Plan in consultation with the applicable fund-               illustrations, written descriptions, etc.
ing agencies (and the HPO) if required. Once an
appropriate approach is selected, a scope of work         •	 National or New Jersey Register
for each section should be defined and modified              Nominations, or similar forms
from the provided comparative outline to address
the unique issues at the property. Owners and             •	 Documents or oral descriptions of recent
stewards will then use the overall scope of work,            modifications or problems
in conjunction with any funding agency-approved
contracts, to hire a team of consultants to complete      •	 History of property maintenance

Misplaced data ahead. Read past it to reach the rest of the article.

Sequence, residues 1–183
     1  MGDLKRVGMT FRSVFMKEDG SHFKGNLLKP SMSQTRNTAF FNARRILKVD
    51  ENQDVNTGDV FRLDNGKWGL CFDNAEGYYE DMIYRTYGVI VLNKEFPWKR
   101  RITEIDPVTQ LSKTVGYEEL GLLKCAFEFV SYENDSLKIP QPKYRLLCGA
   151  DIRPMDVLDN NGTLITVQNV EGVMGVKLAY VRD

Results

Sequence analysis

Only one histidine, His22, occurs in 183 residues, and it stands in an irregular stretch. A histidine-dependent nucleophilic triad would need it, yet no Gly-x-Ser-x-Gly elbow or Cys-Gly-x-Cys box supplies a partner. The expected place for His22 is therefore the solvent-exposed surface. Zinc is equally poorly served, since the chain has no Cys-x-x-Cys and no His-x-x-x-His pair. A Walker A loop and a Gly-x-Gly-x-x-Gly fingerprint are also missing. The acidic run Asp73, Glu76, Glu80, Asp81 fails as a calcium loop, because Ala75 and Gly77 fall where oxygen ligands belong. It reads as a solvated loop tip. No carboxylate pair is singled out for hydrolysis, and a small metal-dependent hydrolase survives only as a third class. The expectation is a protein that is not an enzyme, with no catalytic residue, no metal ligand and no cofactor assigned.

the project.
                                                          •	 Available planning documents such as
The process of preparing an HSR or Preservation              Master Plans, Interpretive Plans, Feasibility
Plan can be time-consuming. Depending on the                 Studies, etc.
complexity of the site and project, a Preservation
Plan may require several months to prepare and an         •	 Description of the intended use
HSR over a year. Additionally, the process needs             of the property after work is complete
ongoing input and review by owners and stewards,
further extending the preparation time. At some           •	 Availability and sources of funds and
points, the process may become a source of frustra-          resources for maintenance and capital